Cumber,

William's) declaration to the Irish to lay down their arms. But that it should seem more reasonable to have its first beginning from the time Duke Schomberg landed with his army in the kingdom, August 13th following; that till Duke Schomberg's landing, the late king James's authority was submitted to, almost through the whole kingdom ; and that what was taken from the protestants, before that time, was disowned by the late king James, as may appear by several proclamations declaring, that whoever should plunder any protestant, should be answerable for the same, and undergo the penalties of the law." Com. Journ. vol. ii. f. 801. Not till August 13th, 1689, Duke Schomberg landed at Bangor in the north of Ireland, with about 10,000 men. Which then, of the two parties in arms so long before that time, ought to be deemed rebels ?

« The inhabitants of the town of Bandon, in February, 1688, disarmed the garrison of Bandon, and seized upon the town for king William's service.” Com. Journ. vol. ii. f. 876. For which service the Irish commons, in 1697, agreed, that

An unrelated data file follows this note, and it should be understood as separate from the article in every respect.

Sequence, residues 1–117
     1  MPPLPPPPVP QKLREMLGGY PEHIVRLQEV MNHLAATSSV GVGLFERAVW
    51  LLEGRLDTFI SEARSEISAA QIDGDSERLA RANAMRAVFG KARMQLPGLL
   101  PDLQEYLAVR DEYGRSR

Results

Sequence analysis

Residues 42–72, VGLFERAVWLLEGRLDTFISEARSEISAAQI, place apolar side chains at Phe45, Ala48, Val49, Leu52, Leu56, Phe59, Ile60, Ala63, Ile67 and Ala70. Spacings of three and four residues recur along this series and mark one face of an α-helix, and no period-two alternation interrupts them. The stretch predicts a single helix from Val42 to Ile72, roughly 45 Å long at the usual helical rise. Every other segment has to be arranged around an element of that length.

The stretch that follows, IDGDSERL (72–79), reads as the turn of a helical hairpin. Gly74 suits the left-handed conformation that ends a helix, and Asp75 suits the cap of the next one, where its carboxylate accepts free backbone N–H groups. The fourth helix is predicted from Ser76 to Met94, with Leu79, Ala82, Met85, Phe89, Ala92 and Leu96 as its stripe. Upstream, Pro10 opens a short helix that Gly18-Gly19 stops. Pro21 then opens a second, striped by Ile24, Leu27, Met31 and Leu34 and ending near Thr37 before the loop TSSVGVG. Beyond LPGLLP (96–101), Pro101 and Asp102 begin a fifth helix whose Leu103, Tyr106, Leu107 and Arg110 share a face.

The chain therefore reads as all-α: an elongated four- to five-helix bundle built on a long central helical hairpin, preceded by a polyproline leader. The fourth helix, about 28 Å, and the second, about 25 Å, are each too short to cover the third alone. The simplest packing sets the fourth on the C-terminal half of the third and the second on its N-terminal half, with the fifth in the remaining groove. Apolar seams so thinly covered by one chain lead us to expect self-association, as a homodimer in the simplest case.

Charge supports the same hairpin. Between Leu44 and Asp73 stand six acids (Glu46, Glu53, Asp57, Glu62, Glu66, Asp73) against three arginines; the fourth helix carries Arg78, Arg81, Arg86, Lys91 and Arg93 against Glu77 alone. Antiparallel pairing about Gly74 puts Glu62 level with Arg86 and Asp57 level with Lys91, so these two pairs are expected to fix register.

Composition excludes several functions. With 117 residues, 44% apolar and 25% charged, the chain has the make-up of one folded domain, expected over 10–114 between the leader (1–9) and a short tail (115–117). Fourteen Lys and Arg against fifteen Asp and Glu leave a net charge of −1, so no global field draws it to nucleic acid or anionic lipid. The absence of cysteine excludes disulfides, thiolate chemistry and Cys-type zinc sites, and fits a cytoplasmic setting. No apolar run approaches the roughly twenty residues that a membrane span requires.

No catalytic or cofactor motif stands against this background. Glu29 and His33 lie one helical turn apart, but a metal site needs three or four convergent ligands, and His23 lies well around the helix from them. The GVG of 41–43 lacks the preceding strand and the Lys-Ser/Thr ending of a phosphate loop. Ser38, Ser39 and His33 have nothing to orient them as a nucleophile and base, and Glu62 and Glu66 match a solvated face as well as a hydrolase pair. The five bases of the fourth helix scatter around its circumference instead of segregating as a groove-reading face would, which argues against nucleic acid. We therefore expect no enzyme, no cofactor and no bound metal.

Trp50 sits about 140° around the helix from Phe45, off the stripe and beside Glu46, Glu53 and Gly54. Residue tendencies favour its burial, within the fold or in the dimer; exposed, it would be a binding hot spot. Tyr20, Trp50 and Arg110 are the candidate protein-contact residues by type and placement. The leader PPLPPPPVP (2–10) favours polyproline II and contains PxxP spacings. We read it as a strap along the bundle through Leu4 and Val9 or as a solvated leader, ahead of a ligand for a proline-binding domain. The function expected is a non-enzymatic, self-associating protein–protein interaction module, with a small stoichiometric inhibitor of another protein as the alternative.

a sum of two thousand five hundred pounds should be levied for these inhabitants of Bandon, by the high constables, on the province of Munster.” Id. ib. f. 897.

c These Enniskilleners were merciless enemies. At the battle of Lisniskea, they “ defeated and pursued the Irish with great flaughter, granting quarters to none but officers. About two thousand feil by the weapons of an enemy, transported by zeal and resentment, above five hundred plunged into lake Earne, and but one of that multitude escaped.” Lel. Hift. of Irel. vol. iii. p. 534.

d December the 9th, 1688; “ which was a contrivance designed to engage the Earl of M-, who till then was deaf to all arguments for entering into the association in Ulster.” Lel. Answer, p. 79

The like villainous artifice was used to make king James's army desert him at the camp on Hounslow-heath. Colonel Langston, and other superior officers, affirming privately, with vollies of oaths, to the rest, “ that king James would turn out

all